Skip to main content

Japan Supreme Court Ruling a Victory for Transgender Employees

Employers Should End Workplace Bathroom Restrictions

A plaintiff  speaks during a news conference at Tokyo District Court, Tokyo, Japan, July 11, 2023.  © 2023 Eugene Hoshiko/AP Images

In a victory for transgender people in Japan, the country’s Supreme Court ruled last week that the trade ministry violated a public service law by banning a transgender woman from using the women’s bathroom at work.

In 2015, the woman challenged a decision by officials at the Ministry of Economy, Trade and Industry, where she works, denying her use of bathroom facilities aligned with her gender identity. She requested the National Personnel Authority to intervene under article 86 of the National Public Service Law, which regulates conditions of service for government employees. A Tokyo district court ruled in her favor in 2019, citing an “important legal interest” for the plaintiff to live in accordance with her self-identified gender, and awarded damages. This decision was however overturned on appeal, and the damages significantly reduced.

This week’s Supreme Court decision affirms the woman’s right to use workplace bathrooms aligned with her gender identity.

In November 2022, the government in Japan’s Kanagawa prefecture awarded another transgender woman workplace compensation after recognizing her depression was the result of harassment she faced from her supervisor. Despite the woman’s requests, her supervisor repeatedly refused to refer to her with female pronouns, prompting her to take leave from work and seek mental health services.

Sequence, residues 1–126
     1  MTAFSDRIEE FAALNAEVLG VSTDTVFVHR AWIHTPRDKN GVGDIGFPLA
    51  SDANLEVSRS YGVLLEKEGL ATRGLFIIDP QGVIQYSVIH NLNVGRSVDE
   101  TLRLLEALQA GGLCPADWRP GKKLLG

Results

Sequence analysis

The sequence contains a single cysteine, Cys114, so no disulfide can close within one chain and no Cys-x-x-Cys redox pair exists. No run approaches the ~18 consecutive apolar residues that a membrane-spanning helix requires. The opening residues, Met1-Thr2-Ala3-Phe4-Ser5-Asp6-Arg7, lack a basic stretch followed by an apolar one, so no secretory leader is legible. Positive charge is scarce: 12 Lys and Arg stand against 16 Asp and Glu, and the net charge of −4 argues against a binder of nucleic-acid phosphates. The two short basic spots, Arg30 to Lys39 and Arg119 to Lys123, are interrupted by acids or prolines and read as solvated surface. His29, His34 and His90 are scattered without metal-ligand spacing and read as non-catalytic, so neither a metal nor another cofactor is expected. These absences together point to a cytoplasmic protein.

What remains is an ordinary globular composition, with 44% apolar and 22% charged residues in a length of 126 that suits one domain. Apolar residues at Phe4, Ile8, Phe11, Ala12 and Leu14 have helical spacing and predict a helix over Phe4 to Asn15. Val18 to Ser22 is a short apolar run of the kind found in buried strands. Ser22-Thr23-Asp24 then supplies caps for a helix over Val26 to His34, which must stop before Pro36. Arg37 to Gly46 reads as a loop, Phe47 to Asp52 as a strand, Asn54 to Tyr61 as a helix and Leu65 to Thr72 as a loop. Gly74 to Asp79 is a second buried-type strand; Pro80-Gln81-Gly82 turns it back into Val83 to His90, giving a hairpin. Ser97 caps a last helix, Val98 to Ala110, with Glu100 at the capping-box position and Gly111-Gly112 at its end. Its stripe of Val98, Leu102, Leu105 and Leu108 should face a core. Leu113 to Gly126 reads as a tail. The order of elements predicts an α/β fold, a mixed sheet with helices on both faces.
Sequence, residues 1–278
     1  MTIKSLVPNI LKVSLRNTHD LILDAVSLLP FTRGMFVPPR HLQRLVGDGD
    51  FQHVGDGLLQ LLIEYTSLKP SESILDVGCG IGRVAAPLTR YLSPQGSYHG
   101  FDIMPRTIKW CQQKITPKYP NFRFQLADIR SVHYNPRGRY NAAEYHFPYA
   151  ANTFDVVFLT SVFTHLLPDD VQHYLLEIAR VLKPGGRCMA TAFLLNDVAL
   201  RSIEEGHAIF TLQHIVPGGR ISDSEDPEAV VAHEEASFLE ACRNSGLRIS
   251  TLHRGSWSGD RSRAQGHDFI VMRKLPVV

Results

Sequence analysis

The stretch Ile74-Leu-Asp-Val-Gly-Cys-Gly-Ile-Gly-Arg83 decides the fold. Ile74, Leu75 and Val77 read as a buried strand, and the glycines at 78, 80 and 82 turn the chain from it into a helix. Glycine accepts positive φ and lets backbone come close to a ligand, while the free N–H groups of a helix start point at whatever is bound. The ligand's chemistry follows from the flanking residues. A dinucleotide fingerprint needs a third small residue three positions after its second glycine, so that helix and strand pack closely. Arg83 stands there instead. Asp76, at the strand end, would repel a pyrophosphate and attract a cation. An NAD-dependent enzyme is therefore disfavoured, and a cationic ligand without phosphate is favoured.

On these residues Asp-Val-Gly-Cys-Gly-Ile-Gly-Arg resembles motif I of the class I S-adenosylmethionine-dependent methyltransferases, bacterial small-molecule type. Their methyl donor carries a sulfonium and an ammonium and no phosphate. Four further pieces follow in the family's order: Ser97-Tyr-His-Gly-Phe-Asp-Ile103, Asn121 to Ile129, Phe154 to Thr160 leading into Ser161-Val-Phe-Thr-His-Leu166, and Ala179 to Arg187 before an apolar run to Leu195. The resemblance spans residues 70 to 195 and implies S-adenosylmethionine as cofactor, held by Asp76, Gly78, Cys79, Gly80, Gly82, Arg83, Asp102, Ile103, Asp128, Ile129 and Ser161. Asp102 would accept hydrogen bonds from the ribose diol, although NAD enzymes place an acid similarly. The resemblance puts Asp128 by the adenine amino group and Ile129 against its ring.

Much of the problem can be traced to Japan’s archaic law on “gender identity disorder,” which dictates that in order for transgender people to change their gender marker on official documents, they must be sterilized, over the age of 18, and have no children under age 18. Lack of accurate documentation is a source of discrimination for many transgender people in Japan. For example, in the Kanagawa case, the woman’s supervisor sought to justify using masculine pronouns by referring to the employees’ official documents.

The Supreme Court ruling resolves eight years of legal challenges for the plaintiff. The decision sets an important precedent and employers in Japan should take its guidance to develop policies and practices that allow individuals to use the bathroom aligned with their gender identity.

Your tax deductible gift can help stop human rights violations and save lives around the world.

Region / Country